I have not finished reading this book..I read a little and put it down for a few days then read more. I have wept, I've gotten angry, and I have been informed by this book. It is a compilation of letters, emails, etc that Pam received. It is the caregiver's own words. I have to admit, I do try to see if I recognize anyone's wording. Pam does not give names on any of the caregiver excerpts.

She gives helpful advice during chapters as well as at the ends. Needless to say, my book is getting very highlighted.

Some of the chapters are: Family Caregivers Speak Out to Health Care Professionals, Caregiving Spouses Speak Out, Caregivers in Nursing Homes Speak Out, Young People Speak Out. I can't wait to get to the end.


Coping With Caring...Daily Reflections for Alzheimer's Caregivers by Lyn Roche

I did not order this book. A dear friend sent it to me. It is a daily refresher for me. There is a page for each day of the year and when the year is up you just start over again. It will always be helpful.

Just to give you an example here is tomorrow's page:

June 12
I have overcome many doubts. I doubted a support group would really help my situation. I doubted my abilities as a caregiver. Then, I doubted anyone else could care for my loved one as well as I could. I doubted I could get over every obstacle and when I did, I wondered why I doubted. Coming through doubts I have gained strength and faith.

Today's Tip: When dealing with incontinence, take advantage of the numerous baby care products available. Many products help with cleanup. There are lotions, creams, and ointments to keep skin free of infection and rashes. Refrain from referring to incontinence undergarments as diapers. Doing so is degrading.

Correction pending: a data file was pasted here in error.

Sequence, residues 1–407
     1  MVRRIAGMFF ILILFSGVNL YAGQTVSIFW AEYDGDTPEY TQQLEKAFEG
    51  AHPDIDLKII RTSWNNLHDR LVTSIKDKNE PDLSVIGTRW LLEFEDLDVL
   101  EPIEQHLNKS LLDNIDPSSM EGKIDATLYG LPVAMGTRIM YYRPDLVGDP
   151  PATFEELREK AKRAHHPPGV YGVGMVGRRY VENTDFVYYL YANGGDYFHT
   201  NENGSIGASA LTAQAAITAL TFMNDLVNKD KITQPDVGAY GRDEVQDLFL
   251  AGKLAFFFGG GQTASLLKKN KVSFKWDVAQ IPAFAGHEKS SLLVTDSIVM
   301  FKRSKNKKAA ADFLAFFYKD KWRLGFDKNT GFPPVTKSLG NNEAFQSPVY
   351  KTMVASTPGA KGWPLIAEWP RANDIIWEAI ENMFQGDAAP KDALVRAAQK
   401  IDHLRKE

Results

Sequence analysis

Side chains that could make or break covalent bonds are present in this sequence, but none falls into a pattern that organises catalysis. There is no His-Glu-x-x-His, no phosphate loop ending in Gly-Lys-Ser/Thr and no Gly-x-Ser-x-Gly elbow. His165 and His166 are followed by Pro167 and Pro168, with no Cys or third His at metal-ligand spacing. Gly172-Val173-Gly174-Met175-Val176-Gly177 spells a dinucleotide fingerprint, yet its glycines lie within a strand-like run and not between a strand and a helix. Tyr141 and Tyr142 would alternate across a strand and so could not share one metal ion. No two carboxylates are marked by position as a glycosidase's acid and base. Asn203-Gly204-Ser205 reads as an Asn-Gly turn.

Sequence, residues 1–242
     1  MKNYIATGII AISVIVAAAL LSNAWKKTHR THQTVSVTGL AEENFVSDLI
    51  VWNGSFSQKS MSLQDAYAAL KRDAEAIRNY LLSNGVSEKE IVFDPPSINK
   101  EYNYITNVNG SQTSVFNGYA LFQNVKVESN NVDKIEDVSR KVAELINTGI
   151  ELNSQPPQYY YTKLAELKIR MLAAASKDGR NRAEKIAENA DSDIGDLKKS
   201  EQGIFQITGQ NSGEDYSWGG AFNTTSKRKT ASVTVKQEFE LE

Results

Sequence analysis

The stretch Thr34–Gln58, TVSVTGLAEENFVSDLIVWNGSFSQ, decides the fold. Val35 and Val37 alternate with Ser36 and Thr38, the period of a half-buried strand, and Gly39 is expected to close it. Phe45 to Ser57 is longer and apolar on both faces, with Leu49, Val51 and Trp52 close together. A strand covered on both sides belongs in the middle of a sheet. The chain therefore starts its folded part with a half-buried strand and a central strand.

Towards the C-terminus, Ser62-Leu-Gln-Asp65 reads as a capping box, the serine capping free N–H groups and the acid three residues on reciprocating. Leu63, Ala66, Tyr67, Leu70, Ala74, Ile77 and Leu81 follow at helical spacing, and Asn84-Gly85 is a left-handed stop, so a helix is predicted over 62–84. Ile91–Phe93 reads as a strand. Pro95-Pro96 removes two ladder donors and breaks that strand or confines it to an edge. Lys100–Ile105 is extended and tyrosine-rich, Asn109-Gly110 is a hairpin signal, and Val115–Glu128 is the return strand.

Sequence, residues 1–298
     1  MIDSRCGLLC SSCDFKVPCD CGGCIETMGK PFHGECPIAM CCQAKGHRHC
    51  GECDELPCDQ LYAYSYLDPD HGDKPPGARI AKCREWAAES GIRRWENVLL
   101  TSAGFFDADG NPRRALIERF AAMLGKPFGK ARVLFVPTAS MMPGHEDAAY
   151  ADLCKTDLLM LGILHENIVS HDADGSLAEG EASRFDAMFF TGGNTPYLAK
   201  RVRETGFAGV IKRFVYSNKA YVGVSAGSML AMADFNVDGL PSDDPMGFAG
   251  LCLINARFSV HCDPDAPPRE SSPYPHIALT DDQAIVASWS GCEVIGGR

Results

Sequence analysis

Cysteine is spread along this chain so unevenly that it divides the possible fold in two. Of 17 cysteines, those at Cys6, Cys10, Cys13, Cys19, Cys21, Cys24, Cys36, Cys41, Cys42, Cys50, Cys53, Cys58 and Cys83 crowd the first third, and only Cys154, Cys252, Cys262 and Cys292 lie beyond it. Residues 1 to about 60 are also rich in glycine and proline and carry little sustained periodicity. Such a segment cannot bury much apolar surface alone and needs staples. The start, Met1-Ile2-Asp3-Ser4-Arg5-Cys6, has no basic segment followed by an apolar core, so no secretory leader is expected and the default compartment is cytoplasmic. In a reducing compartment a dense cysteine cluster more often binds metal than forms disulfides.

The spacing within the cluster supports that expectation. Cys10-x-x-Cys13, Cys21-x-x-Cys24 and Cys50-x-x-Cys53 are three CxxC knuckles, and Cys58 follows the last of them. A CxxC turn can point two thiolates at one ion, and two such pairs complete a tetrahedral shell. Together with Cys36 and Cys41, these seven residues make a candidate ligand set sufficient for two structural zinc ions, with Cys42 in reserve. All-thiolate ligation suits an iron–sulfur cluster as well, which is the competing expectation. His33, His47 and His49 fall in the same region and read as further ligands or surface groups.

Email Bag

From Karen and Jamie

We haven't received any emails. Where is everyone? It's nice warm weather out there so maybe everyone is enjoying the outdoors. We would like to hear from our readers. Don't be shy, we welcome any comments, suggestions, questions, poems, links, articles, etc.

We also apologize for the web site....sadly, it is still down. You will receive a notice when things get back to normal. In the meantime, please note our "temporary" site... http://theribbon.brinkster.net/. Hopefully, things will be back to normal soon.

Smiling,
Jamie and Karen


Father's Day will come in between issues. We would like to say "Happy Father's Day". Go visit your father, if he has already passed away then visit with your mother and share the day with her. If you are the father, make time for yourself for a little while today. If you have children over to visit, enjoy!!

Until next time, we wish for you

Hugs and Peace,
Karen and Jamie